Friday, 15 May 2009

Jonathan Stevenson's quotations!

Every year, Jonathan Stevenson shares with all you [...] Tea [...] Israel readers what they said stripped of context.

"I am sorry that you had a bad experience here in Kent and I hope that this will not be the case if you visit us in future."

"From what we've seen there are basically three groups of loons. Anti-capitalist loons who want universal communism, environmental extremists who have a litany of complaints, and anti-war folks who want to give peace a chance while bin Laden and his crew cut off people's heads"

"A tazer was fired at RampART. The gentleman ducked and it missed."

"This crisis was fostered and boosted by irrational behaviour of some people that are white, blue-eyed. Before the crisis they looked like they knew everything about economics, and they have demonstrated they know nothing about economics."

"For help at any time press 8"

"Tomorrow dawns a day when nothing is certain. And what could be more liberating than this after so many long years of certainty?"

"I don't believe too much in leadership. I believe more in good passing than a guy who jumps around with the hands in the air and plays the leader."

"Almost every day we go to the park"

"I'm not try'nna tell you nothing 'bout right and wrong/ it's a whisper and it's growing into a song"

"I have noticed that the people who are late are often so much jollier than the people who have to wait for them."

"I don't have any specific proposals to make but I feel it would have been better if more of the people with PhDs had been shovelling some of the shit!"

"Greedy bankers had another losing night on the roulette tables yesterday as giant US investment firm Lehman Brothers filed for bankruptcy and Wall Street financiers demanded that the state bail out their losses."

"I have spoken to Kishwa and she said that no they don't have the right to come into the property when doing a bail check, they don't have the right to break your door down, and they don't have the right to arrest you for obstruction and DS Bull is a wanker."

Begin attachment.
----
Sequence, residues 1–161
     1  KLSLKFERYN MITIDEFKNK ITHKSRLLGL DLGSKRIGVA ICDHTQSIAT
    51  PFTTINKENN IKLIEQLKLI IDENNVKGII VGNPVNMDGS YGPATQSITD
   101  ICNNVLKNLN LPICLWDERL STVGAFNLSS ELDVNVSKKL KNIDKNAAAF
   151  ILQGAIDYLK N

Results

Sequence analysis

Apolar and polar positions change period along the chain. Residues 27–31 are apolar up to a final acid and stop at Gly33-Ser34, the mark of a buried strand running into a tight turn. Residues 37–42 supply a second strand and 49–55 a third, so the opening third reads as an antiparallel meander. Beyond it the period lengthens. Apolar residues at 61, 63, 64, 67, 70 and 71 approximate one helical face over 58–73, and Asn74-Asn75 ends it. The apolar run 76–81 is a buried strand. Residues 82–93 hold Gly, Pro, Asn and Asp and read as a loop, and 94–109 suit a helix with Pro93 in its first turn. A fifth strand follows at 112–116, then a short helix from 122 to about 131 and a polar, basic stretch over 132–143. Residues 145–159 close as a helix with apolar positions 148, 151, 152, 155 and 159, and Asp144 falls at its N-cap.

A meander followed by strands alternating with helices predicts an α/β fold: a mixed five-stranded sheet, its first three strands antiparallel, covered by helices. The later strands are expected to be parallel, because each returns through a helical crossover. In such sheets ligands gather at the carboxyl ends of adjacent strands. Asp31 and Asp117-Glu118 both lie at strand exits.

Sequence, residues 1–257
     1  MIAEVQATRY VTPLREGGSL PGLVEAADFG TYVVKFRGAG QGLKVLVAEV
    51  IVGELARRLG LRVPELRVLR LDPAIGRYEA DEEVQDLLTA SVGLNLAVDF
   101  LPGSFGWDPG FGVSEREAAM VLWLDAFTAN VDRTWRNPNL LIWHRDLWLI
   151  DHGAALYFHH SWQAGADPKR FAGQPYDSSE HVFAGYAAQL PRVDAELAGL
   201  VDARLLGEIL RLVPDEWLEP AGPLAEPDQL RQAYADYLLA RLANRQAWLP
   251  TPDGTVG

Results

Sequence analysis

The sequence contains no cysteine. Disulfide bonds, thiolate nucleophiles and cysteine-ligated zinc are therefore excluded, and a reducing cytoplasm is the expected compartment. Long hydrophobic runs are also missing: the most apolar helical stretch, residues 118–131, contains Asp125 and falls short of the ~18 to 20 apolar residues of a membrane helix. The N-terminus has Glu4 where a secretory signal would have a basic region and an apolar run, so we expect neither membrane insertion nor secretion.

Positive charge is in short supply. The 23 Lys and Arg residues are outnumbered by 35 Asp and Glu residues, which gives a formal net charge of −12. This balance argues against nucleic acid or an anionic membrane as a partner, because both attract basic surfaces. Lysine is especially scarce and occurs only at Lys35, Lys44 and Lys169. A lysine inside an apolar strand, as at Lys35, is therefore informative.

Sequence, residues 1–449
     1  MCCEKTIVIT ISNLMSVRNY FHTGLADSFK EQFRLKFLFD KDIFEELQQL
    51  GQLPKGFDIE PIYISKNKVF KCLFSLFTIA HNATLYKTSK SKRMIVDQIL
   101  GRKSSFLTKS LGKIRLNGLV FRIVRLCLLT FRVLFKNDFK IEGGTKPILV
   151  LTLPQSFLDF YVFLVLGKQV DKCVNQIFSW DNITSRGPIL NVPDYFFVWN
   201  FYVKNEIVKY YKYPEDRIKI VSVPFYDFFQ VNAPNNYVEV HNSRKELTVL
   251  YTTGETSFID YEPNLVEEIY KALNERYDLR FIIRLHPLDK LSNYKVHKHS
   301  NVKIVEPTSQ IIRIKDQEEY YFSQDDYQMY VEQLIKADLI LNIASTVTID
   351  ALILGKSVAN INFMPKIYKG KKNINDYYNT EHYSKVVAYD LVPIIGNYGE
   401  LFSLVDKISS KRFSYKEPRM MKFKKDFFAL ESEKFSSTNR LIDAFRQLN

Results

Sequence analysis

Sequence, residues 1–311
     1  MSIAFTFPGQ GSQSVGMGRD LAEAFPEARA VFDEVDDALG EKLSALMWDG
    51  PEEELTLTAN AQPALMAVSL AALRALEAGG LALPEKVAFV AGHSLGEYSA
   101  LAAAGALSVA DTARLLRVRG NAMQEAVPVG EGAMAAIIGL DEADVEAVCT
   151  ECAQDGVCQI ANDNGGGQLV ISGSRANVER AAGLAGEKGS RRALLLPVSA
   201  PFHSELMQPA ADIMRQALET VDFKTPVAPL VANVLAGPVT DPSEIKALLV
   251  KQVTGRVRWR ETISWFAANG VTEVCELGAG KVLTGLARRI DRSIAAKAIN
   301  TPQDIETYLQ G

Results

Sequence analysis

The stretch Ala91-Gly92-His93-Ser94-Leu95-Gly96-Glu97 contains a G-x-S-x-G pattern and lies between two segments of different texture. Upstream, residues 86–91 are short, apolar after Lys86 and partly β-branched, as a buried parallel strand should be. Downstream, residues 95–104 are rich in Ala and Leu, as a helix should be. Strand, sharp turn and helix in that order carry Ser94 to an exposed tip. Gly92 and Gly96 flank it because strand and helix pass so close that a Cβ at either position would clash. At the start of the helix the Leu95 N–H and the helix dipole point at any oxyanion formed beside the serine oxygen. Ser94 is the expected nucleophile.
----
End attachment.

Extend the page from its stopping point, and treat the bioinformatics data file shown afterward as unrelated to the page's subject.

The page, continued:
"Oh, how I wish I was young again"
Ian Patterson's The Glass Bell, another book which Martian forensic anthropologists will mistakenly attribute to me, is out from Barque. Luke Roberts says a thing or two about it here. Bad Breath contains a recording of a different, and by now thoroughly discredited reading of Ian's. And there's one coming up.

Thursday, 14 May 2009

From "Emile"

By Jean-Jacques Rousseau, trans. Barbara Foxley.

If a man were born tall and strong, his size and strength would be of no good to him till he had learnt to use them; they would even harm him by preventing others from coming to his aid; left to himself he would die of want before he knew his needs.

Wednesday, 13 May 2009


PETER PHILPOTT is looking for ideas about the future of his Café Oto series of poetry & music events -- which will be moving to the evenings, as well as the future. Go tell him its endogenous contradiction of private accumulation of propositional contents vs. socialised aesthetics will tear it into juice via a series of inexorably intensifying crises!

From "Virtual Reality Adventure: Green Blood"

By Mark Smith.